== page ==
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Opinions wanted on Campy Drivetrain noise(10 posts)

Opinions wanted on Campy Drivetrain noisePoint Given
Aug 18, 2001 8:22 PM
I spoke with my local bike dealer today who told me that Campy drivetrains always sound louder than Shimano because of the mechanism used to make the gear shifts. He stated that while Shimano builds some play into their shifts and uses a spring loaded mechanism, Campy on the other hand does not build any play into their drivetrain mechanism (this is why it takes them awhile to break in) and also the mechanism for making the shifts will always result in as he called it "plunking" the chain from sprocket to sprocket which causes the noise. He further explained that this noise never leaves the Campy drivetrain even after its broken in, it just a different way to do the shift versus Shimano and it will always be louder and more noticeable according to him. He said that Shimano intentionally builds play into their drivetrain so that it functions perfectly with no break in period directly out of the box. This is why it gets worse after a long time because the play gets bigger and bigger.

He said he thought it was unimportant that the Shimano play eventually resulted in poorer shifting because he said this takes years to occur for your typical rider and by then you are usually upgrading to a new bike with new drivetrain technology, which seemed to make sense, and that you could eliminate the excessive play by simply buying the occasional newe cassette and every several years a new rear derailleur.

Any opinions on Record and Chorus versus Dura Ace and Campy.

Has anyone seen the 25 anniversary edition Dura Ace. I saw it today on a Merlin Extralight and it looked like jewel quality finish.
your dealer is mistaken....C-40
Aug 19, 2001 5:29 AM
There is no reason for campy to be louder than shimano. The shifting on the new Campy 10 speed is as smooth and quiet as anything on the market. Campy ergo levers do loosen up a little as they break in, but much less now than in the past.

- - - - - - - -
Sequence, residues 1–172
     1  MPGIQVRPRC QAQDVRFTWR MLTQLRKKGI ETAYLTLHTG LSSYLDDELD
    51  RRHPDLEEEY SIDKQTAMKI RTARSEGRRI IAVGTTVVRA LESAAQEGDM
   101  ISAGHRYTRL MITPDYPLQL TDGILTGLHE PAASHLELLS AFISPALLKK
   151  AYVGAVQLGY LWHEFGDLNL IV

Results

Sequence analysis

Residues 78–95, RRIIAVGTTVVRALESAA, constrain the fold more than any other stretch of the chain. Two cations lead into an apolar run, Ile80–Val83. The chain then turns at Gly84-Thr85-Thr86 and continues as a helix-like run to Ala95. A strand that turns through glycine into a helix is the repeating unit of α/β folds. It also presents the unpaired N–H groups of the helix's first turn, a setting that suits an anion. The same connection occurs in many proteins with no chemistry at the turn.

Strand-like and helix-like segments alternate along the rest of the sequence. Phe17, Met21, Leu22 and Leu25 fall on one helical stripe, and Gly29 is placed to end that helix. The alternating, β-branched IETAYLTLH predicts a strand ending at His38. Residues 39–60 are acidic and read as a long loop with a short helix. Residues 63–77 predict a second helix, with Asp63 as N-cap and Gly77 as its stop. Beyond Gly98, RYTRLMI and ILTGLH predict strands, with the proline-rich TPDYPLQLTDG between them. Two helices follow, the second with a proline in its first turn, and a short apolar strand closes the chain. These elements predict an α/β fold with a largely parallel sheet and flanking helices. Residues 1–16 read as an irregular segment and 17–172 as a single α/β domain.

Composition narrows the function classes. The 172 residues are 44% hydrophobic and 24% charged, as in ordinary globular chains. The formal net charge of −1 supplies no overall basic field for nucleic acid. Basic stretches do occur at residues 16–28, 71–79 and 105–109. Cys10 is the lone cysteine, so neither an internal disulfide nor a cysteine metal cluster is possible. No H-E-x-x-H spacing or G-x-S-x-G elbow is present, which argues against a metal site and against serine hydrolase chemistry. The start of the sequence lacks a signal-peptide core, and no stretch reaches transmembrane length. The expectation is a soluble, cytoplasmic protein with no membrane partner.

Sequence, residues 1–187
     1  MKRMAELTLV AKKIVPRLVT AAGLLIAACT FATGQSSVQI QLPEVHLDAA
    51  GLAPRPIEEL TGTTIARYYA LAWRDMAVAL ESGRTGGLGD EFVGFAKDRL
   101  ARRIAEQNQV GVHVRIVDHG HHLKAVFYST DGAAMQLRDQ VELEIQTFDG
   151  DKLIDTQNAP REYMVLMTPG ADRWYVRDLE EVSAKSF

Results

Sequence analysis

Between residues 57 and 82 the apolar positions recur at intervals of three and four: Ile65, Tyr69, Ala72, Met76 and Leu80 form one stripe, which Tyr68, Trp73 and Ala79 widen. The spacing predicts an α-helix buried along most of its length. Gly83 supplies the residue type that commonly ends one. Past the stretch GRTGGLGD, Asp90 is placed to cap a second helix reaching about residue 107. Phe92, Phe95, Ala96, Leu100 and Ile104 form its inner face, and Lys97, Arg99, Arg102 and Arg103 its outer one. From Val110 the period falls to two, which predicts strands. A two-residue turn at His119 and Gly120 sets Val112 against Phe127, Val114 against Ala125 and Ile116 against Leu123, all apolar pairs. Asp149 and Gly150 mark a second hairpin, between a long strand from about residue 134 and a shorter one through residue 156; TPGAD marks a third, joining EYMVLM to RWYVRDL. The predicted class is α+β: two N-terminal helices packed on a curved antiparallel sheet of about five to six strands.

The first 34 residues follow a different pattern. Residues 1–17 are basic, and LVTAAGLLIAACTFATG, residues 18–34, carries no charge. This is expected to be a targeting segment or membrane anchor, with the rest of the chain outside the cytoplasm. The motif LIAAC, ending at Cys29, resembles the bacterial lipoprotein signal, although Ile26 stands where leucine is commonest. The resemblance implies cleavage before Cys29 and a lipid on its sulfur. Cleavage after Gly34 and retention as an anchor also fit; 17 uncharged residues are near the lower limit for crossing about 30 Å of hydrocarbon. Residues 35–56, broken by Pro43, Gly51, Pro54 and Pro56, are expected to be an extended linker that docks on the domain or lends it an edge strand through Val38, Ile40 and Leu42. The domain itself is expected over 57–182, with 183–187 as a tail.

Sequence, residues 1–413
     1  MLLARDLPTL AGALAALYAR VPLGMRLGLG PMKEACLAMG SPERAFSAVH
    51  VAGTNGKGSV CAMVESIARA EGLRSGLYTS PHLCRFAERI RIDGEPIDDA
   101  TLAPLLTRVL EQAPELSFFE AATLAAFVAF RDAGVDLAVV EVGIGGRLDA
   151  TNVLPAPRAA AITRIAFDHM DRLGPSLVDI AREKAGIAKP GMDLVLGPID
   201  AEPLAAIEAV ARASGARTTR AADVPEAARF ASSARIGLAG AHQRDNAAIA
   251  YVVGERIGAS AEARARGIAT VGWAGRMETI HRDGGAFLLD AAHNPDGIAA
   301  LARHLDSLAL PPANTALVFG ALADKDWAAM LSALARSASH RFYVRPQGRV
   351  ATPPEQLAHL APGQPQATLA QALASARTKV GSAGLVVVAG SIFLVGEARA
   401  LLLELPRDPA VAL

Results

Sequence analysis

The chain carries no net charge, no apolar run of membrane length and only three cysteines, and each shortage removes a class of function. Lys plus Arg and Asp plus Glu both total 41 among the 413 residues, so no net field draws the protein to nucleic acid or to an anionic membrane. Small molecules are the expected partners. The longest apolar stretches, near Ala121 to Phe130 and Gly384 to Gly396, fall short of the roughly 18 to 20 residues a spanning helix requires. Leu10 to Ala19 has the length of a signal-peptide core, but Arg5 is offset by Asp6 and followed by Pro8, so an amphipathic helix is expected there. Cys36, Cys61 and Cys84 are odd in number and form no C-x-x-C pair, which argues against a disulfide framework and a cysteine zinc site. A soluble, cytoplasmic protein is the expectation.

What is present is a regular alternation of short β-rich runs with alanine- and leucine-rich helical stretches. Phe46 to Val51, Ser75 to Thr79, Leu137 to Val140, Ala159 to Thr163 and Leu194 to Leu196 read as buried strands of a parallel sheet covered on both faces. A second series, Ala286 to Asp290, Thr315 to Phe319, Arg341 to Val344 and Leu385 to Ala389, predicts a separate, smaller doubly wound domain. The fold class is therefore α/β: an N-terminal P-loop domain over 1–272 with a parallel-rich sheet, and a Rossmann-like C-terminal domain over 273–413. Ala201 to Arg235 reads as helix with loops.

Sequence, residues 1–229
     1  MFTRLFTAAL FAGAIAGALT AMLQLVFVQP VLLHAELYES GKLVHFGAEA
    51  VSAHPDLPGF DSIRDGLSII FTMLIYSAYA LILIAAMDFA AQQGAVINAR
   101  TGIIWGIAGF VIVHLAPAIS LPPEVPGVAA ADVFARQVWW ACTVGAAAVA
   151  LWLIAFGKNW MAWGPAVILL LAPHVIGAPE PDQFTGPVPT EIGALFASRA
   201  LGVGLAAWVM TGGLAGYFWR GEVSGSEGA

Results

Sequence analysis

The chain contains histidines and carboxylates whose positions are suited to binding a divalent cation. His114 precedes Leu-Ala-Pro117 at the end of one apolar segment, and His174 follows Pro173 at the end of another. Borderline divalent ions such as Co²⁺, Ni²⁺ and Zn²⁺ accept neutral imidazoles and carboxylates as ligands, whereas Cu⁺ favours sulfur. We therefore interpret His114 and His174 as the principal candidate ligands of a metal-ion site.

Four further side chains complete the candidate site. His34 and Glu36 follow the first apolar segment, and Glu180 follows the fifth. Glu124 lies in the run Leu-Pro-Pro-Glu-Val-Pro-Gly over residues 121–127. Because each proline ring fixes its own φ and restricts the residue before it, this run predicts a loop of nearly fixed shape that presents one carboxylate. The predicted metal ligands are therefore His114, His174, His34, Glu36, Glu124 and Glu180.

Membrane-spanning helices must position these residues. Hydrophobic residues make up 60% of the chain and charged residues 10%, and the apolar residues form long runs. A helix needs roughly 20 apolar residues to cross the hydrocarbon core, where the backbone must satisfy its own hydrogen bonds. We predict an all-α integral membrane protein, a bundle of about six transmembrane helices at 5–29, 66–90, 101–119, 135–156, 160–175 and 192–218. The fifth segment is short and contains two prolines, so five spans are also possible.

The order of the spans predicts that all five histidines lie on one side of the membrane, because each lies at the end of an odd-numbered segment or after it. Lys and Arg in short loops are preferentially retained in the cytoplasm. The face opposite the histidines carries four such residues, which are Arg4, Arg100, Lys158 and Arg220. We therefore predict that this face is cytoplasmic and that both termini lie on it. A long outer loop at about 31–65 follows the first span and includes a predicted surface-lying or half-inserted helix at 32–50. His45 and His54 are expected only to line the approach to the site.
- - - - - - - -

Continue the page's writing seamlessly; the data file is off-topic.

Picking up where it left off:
Campy Chorus is the best value in bike components right now,IMO. Cheaper than DuraAce, but a few ounces heavier. Chorus will function as well as record, at a much lower price. Record is great is you can afford it, but the extra cost is strictly weight saving measures, and nothing that affects durability. Many Chorus parts are identical to Record parts from a few years earlier.

Campy 10 speed provides a larger range of gearing with no large jumps between cogs. If you get a 12-25 or 11-23 cassette in Shimano 9 speed, you don't get the important 16 tooth cog that you do with campy.

Shimano replacement cassettes and derailleurs are cheaper, which is an advantage if you're one of the many who clean and lube infrequently and suffer premature component failure.

Shimano is bound to update to 10 speed soon, which may leave you with an outdated 9 speed drivetrain in the near future.
your dealer is mistaken....Point Given
Aug 19, 2001 10:43 AM
Thanks for the info C-40. By the way, what do you think about the Chorus 9 speed group for 2001. I noted that you said Shimano's 9 speed would soon be outdated when they go to 10 speed, but isn't this therefore true also for Campy Chorus?Record 2001 9 speed models?

Chorus/Record 9 speeds for 2001 are priced at the exact same prices as the 10 speed groups. It appears that many guys like the 9 speed and don't apparently think 10 speed is much of a difference otherwise why are they being sold by Campy and its retailers for the same price as 9 speed?

Just wondering, personally I have heard great things about Chorus and I'm seriously considering going with Chorus 2001 9 or Ultegra 2001. I particularly like the 2001 Chorus 9 speed versus the 10 speed because it gives me the option of using the Wheels Manufacturing 9 speed cassette and thus I have access to any Shimano campatible wheelset out there which is a far greater wheel selection than your typical Campy ownere has access to. Your thoughts would be appreciated.

Thanks,
About the Campy 10 . . .DCW
Aug 19, 2001 11:28 AM